Tell-all book dishes on Broadway's 'Spider-Man'

"Song of Spider-Man" The Inside Story of The "Song of Spider-Man" The Inside Story of The Most Controversial Musical In Broadway History by Glen Berger. Photo Credit: Handout

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The saga of the saga of "Spider-Man: Turn Off the Dark" continues, this time with a tell-all backstage memoir by the show's co-author, Glen Berger, whom Julie Taymor phoned in the middle of the night before she was fired to accuse him of betraying her.

This is just one of many insider tidbits in Berger's "Song of Spider-Man," scheduled for November release by Simon & Schuster but already fueling Broadway gossip in advance proofs. Berger, the least famous in the creative team that included Bono and The Edge, was hired by Taymor in 2005. After the visionary director/creator was dumped in 2011, Berger incurred her wrath by staying on to help overhaul the most delayed, most expensive, most injury-hexed mega-musical in Broadway history.

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"I was incredibly dismayed when Julie was dismissed," he said Friday. "But I figured I may as well stay in the game to do what I could to contribute to protecting Julie's vision."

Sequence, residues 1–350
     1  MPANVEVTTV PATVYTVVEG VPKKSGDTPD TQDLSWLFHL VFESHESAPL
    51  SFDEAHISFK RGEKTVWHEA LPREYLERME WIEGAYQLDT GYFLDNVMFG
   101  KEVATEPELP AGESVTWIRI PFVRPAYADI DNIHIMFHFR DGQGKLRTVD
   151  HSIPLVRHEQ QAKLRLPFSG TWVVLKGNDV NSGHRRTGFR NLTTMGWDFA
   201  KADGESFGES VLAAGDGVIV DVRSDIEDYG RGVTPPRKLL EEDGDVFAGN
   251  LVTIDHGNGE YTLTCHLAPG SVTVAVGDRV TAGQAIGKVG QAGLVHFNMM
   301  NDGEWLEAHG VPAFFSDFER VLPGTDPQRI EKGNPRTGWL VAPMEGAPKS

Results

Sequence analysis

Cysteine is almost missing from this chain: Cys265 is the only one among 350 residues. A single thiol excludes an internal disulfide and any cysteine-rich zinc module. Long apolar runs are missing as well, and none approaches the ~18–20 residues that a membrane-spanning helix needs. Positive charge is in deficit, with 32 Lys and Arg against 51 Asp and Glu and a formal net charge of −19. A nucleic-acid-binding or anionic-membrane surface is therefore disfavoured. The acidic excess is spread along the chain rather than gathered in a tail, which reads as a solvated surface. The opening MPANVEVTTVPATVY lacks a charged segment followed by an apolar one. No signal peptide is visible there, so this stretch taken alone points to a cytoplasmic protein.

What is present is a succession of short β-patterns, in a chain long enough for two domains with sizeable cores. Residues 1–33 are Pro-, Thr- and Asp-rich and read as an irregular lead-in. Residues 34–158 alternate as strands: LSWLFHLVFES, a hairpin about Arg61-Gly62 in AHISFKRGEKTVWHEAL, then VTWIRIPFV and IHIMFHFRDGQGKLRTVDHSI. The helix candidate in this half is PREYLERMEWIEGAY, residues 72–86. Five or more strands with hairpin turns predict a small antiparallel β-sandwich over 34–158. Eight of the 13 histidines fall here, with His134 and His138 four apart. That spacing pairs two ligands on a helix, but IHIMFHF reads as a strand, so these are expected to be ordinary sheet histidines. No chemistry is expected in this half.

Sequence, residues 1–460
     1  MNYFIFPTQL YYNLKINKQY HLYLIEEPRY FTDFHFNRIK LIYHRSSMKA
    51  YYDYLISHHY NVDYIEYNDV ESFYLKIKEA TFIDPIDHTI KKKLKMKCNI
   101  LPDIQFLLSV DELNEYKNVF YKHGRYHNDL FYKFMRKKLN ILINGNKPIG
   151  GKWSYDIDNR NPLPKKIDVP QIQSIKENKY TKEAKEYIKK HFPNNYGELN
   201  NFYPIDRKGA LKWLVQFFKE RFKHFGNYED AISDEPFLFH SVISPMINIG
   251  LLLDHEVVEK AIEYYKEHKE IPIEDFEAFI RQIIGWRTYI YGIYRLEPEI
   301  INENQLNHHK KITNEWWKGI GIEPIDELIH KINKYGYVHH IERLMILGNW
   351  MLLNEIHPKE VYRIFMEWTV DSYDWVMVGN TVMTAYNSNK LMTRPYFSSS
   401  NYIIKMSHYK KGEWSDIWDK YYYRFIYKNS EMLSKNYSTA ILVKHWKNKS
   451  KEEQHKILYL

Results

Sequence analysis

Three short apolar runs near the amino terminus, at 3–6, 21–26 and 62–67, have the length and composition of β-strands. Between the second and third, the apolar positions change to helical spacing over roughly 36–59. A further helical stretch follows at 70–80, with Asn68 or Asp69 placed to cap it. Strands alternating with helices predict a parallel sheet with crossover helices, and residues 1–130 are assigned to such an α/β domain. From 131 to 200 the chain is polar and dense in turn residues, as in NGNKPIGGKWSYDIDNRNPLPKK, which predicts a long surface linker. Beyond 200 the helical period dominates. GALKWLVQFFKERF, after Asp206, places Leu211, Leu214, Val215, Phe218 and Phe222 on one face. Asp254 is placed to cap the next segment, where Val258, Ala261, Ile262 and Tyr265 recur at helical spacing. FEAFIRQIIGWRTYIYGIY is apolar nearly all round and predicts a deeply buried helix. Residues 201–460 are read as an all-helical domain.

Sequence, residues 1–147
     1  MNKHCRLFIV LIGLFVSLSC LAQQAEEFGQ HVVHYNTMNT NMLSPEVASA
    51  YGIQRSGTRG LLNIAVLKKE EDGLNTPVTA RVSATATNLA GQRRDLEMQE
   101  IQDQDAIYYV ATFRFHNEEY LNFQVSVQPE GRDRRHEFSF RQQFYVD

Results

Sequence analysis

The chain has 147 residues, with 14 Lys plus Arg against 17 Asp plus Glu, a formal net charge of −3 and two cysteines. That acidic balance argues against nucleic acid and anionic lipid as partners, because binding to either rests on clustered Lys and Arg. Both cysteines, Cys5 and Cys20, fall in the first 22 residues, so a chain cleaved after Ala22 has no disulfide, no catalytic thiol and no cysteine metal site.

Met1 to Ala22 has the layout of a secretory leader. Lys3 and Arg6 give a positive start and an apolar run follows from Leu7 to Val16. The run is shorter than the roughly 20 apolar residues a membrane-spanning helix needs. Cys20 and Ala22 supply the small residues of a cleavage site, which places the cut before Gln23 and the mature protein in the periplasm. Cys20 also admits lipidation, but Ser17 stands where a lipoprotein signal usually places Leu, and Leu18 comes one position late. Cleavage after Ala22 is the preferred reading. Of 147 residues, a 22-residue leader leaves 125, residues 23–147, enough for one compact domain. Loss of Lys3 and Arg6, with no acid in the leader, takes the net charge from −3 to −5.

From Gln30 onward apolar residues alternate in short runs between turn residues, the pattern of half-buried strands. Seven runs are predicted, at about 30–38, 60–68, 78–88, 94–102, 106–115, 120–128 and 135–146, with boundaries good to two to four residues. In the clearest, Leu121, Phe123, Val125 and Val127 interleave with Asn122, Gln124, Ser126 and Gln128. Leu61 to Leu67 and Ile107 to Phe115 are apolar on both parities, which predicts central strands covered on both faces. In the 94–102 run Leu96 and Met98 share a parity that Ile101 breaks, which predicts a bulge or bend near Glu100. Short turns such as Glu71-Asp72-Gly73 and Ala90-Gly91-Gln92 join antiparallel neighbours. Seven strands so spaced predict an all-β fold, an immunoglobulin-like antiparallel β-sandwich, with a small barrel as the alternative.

A few months after the $75-million spectacle finally opened to reviews that were mixed to negative in June 2011, the playwright says it hit him that he had a "strange amount of access" to "a really, really wild story. It is a story of great ideals that fall short. Really, no one else could write the story . . . I wanted to be able to look back at this moment with no regrets, artistically and ethically."

The show's producers declined to comment on the book because, according to a spokesman, "The producers haven't read the book nor has anybody else associated with the production . . . We look forward to reading it." A spokesman for Taymor, whose legal battles with the show were settled in April, said, "Julie has not read the book, so she has no statement."

According to Berger, Taymor phoned him for the first time in two years, just as the book was going into final copy editing. "We wound up talking for hours," he said, adding he had been "partly dreading, partly hopeful" about such a call. "It was totally friendly."

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Grosses for the show, believed to have a weekly running cost between $1.1 million and $1.2 million, fell under $1 million last week for the first time since performances began in November 2010. The drop in attendance came shortly after dancer Daniel Curry became the latest cast member to be hurt in the production, severely injuring his foot in an onstage accident.

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